Friday, October 15, 2021

Reader's Diary #2244 - Jordan Tannahill: The Listeners

This year I was asked to be on a Shadow Giller Jury with Lindy and Penny and happily joined the team, knowing full well I'm amateur-hour compared to those two! (Seriously, check out their blogs!)

Anyway, the short list came out just recently so I've had to jump in fast. The first I read was Omar El Akkad's What Strange Paradise and the second was Jordan Tannahill's The Listeners. Already I'm excited for the debate as these are so different from one another.

The Listeners is about a woman whose life is turned upside down when she inexplicably starts to hear a hum. It's distracting, sometimes gives her nosebleeds, and worst of all her family thinks it's all in her head. Finally, she meets a group of others who can hear it and they lean on one another for support as they lose their once normal lives.

But more than the obvious plot differences, the two books are written so stylistically different. If Akkad is Margaret Atwood, Tannahill is Stephen King. That's not the insult some will make it out to be. It's just that Some Strange Paradise seems to wear its literary aspirations on its sleeve, whereas The Listeners is more grounded. Some like to refer to this a Literature (with capital L) versus literature (with a lowercase L) but I feel this is too elitist. To me it's more like the difference between impressionist art versus realistic art, there's value in both.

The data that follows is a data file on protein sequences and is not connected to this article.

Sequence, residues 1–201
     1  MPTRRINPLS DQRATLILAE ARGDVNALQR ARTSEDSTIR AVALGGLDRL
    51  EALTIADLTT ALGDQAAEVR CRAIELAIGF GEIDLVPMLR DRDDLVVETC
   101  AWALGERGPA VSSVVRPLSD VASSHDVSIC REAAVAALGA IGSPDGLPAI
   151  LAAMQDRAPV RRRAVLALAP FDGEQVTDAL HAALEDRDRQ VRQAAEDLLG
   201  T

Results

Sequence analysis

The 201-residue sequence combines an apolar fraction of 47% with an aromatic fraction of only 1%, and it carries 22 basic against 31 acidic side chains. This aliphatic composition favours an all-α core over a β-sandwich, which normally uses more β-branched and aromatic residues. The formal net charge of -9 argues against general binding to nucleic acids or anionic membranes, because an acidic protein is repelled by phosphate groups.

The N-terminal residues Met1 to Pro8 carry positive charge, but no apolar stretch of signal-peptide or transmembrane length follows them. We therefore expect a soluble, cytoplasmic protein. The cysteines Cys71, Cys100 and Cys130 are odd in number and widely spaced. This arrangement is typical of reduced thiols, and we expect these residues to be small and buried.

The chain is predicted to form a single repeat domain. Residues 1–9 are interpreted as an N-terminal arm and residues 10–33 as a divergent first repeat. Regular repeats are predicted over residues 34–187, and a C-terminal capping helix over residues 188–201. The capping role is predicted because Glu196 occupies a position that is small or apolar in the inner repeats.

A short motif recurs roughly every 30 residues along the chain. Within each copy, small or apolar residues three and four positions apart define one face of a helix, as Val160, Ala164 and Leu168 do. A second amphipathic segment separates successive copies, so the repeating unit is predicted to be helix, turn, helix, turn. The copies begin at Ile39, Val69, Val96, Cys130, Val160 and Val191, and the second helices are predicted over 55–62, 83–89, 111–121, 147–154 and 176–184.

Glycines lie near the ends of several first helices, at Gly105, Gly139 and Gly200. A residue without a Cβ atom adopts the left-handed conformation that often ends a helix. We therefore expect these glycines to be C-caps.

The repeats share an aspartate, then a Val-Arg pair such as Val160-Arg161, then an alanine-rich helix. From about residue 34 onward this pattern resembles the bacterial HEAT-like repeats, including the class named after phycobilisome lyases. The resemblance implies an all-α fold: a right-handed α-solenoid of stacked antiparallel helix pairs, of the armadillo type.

There's a scene in The Listeners for example when the narrator goes into detail about a Mexican dish brought by one of the support group. It doesn't further the plot and there's nothing particularly remarkable about the description, but it does help set the scene and make the reader feel more a part of the story. Such a scene is common place in this novel, but rare in Some Strange Paradise; the latter is more concise and poetic. 

I would say The Listeners is more accessible and entertaining of the two, but still offers poignant thoughts on contemporary themes (alienation, conspiracy theories, complex love). Choosing one book over another though? I think it would come down to the style of writing you enjoy. 

No comments: